But the believers outweigh the non-believers in McLeod.
I’ve found myself in conversations about energies, chakras, transcending space and time, karma and karmatic loops; I’ve had my palms and feet read with startling accuracy; I’ve experienced too many unnerving moments of deja vu; and, most I’ve met with a healer who’s honestly changed the way I perceive my life and myself.
The uncanny Indian influence
It’s this country, I’m sure of it. India seriously does something to you. And to the energies around you.
- When I’ve found myself confused and alone, a stranger arrives and ends up being the person with exactly the right skills to help me through the problem.
- When I’ve needed time to myself, things have worked out in exactly the right way to provide me with it, through no actions of my own.
- When I’m looking for a particular conversation, interchange – and even a particular product! – it’s turned up at exactly the right time.
And there’s more to it, too. The people in this area are incredible. Their beliefs and their compassion, their willingness to welcome absolutely anyone to their table for chai and a conversation – it’s so refreshing, particularly if I think back to how people at home behave in similar situations. I’ve always felt that travelling is ultimately about people – but I’ve also always taken it as a given that it needs to be predominantly about those who inhabit the place permanently. The locals, the natives, the ‘real’.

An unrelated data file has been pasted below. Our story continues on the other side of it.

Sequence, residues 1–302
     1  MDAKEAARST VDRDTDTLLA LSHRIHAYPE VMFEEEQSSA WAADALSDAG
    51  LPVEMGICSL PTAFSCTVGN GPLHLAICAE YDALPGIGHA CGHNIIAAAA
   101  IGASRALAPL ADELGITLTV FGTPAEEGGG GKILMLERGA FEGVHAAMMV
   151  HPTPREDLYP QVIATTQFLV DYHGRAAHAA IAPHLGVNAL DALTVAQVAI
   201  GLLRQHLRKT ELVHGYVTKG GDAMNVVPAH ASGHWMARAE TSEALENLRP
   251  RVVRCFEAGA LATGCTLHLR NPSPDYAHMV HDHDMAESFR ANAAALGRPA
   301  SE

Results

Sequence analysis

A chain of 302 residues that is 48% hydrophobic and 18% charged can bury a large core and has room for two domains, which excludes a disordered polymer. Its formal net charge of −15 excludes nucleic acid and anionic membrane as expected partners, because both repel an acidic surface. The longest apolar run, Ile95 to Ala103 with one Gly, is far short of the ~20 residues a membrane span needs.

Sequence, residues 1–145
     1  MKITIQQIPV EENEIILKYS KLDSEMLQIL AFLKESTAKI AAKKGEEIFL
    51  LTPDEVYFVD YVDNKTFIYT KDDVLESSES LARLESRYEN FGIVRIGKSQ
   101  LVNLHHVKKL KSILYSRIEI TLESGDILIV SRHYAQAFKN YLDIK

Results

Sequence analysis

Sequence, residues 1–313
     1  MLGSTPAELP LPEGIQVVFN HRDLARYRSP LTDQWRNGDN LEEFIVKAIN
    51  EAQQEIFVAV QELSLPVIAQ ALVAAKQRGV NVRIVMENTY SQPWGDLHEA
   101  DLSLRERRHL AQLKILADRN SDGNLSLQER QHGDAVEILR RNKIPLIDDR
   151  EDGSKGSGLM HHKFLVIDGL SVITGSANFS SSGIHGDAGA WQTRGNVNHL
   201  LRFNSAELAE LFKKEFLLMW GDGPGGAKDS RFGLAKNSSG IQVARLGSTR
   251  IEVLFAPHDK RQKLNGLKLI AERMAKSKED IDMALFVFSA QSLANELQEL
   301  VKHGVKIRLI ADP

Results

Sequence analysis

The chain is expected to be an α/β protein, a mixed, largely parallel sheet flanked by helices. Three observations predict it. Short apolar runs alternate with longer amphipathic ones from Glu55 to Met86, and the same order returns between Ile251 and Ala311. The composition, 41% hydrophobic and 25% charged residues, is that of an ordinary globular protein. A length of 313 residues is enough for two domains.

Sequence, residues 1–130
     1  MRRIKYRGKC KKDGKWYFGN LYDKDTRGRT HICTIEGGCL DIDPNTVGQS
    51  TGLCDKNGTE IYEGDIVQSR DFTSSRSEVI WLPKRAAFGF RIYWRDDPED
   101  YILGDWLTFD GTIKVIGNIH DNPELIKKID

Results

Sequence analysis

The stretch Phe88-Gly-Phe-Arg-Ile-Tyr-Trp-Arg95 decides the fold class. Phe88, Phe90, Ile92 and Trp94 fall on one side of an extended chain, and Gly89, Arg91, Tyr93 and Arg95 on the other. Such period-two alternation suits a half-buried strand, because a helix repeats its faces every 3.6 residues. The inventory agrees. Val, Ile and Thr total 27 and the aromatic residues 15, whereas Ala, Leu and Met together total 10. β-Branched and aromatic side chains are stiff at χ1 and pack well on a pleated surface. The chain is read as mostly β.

But maybe this opinion needs to broaden itself a tad.
“I’m not here for the Indians,” says the native Israeli, who hasn’t been ‘home’ in a decade and calls himself an ‘Asia’ guy.
“It’s all about the travellers, man; they’re all on the right wavelength, the same vibe.”
And it’s true. I had such an eye-opening time during my solely-Indian six weeks; but I’ve had an equally amazing experience amongst the foreigners who call Dharamsala’s surrounding villages their temporary home.
It’s not just about authenticity.
A huge part of spending time abroad is learning why other people chose to do the same thing you did – which results in some wonderful and crazy occasions. Such as impromptu nose piercings, eating to excess around a huge Indian thali plate, and spending a lot of time in the company of some wonderful new people, however transient our friendships may be.
So now it’s onwards and upwards – catching a flight to Thailand and discovering what South East Asia has to offer me. Except I’m making one last adventurous move, and heading to the mountains for a little celebration.
Which may or may not involve a couple coming together in the holy state of matrimony.
Ok, I can’t hide the excitement – I’m going to an Indian wedding!!